people and their oral health. The assumption of to Thrasymachus: But tell me, your physician [den-
dentistry is societal good. The belief of dentistry is tist] in the precise sense of whom you were just
that cooperation and reciprocity with society can speaking, is he a moneymaker, an earner of fees or a
result in good for all. The standard for dentistry is healer of the sick? And remember to speak of the
justice/fairness in all dealings with patients and physician [dentist] who really is suchCan we deny
society. The attitude of dentistry is egalitarianism. then, said I, that neither does any physician [dentist],
Dentistry has historically understood itself to be a insofar as he is a physician [dentist], enjoin the
profession, to have the culture of a profession, and advantage of the physician [dentist] but that of the
thus has laid claim to professional privileges. patient (5).
Understanding dentistry and its culture as a pro- Finally, in contrasting the nature of dentistry as a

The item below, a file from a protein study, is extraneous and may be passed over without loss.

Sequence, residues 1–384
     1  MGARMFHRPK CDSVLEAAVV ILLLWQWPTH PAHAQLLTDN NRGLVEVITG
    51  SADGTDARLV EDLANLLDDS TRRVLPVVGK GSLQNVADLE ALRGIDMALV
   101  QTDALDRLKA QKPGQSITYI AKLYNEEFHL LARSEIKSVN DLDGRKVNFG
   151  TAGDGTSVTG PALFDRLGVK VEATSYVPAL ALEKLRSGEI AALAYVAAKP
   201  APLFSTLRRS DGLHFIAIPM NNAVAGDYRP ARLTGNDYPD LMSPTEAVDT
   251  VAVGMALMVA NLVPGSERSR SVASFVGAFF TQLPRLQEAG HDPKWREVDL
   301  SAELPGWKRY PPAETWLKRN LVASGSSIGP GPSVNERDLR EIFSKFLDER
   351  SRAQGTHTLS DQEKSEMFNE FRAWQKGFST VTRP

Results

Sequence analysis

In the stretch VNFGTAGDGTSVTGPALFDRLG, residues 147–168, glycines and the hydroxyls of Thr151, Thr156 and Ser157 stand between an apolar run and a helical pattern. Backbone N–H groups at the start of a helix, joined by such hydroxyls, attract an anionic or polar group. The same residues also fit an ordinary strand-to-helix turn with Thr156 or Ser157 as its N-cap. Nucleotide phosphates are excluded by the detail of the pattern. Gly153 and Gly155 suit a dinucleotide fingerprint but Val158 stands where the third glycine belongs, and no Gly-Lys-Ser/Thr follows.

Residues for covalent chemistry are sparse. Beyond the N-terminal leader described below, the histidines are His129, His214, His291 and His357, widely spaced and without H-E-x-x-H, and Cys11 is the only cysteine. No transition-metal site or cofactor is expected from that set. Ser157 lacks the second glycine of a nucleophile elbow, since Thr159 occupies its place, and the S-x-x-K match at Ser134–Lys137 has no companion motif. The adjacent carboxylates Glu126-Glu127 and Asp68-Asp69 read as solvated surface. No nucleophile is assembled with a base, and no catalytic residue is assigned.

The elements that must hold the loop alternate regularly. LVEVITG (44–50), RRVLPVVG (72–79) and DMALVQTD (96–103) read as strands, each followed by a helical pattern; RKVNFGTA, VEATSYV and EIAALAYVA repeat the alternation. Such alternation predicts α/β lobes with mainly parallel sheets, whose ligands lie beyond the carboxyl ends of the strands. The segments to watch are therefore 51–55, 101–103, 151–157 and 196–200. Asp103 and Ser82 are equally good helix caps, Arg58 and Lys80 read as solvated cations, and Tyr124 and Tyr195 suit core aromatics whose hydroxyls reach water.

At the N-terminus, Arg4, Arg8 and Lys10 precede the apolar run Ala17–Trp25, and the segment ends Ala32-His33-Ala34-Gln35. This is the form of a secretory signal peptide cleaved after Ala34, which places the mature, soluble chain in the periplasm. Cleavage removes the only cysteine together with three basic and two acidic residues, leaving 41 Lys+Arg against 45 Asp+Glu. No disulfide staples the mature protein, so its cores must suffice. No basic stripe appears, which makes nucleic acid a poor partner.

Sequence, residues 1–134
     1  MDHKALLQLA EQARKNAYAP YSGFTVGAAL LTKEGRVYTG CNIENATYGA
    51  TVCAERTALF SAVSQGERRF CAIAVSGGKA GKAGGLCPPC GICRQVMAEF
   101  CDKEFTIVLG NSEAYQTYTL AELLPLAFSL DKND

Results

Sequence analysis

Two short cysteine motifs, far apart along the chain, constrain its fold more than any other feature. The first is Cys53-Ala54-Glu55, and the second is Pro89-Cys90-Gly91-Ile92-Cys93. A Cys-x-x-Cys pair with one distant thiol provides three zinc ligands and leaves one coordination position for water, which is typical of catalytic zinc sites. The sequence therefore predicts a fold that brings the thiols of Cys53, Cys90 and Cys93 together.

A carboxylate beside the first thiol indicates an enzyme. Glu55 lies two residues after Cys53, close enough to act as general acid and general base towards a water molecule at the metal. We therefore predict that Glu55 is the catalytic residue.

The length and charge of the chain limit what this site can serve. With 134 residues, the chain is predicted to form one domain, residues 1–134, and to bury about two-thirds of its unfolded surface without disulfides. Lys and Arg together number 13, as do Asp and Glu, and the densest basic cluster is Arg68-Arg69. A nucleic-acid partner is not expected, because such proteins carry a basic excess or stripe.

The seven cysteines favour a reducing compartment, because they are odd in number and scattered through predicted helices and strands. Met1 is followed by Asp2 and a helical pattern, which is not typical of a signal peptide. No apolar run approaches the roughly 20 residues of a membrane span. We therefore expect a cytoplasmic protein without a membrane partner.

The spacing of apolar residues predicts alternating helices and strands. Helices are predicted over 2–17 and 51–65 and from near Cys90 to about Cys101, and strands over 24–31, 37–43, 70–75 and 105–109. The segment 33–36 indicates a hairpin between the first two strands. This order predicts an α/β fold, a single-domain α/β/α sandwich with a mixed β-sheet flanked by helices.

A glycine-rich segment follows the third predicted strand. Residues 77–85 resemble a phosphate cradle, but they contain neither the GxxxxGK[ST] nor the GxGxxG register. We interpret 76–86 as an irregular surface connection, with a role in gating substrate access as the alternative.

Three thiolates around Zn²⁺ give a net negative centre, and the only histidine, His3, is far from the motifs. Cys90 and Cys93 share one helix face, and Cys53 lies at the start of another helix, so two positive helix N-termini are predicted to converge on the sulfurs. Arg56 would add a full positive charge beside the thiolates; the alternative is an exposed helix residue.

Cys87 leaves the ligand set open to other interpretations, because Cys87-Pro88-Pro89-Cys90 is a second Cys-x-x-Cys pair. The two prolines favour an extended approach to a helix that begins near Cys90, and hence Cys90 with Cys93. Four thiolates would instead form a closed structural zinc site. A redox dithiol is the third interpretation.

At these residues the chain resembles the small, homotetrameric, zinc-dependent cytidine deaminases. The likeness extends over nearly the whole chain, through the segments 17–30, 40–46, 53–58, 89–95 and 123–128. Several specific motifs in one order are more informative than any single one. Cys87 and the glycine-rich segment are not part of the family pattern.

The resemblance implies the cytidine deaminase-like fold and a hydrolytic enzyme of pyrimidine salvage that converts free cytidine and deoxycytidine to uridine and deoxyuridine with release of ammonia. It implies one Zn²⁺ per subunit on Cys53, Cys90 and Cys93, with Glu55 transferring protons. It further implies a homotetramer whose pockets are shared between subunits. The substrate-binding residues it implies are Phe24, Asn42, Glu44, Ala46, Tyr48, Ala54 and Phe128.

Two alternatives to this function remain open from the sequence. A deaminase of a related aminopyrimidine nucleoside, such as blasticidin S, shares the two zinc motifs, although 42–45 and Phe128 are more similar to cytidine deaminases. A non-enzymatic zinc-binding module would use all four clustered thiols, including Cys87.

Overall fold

fession is in tension with understanding dentistry and profession vs. dentistry as a business, it is necessary to
its culture as a business. Yet many dentists today seem draw a distinction between social and consumable
to be adopting the culture of business. In the culture of goods, a distinction drawn by the intellectual father of
business, the norm of dentistry is that oral health is a market economics, the Scotsman, Adam Smith. In his
means to a private end, that of the dentist, with 1776 work, An Inquiry into the Nature and Cause of the
patients being a means to that end. The values of Wealth of Nations, Smith argued for such a distinction
dentistry in the culture of business are entrepreneur- (35). He affirmed that there are basic social goods
ial; building a successful enterprise profits. The upon which the free market for consumable goods is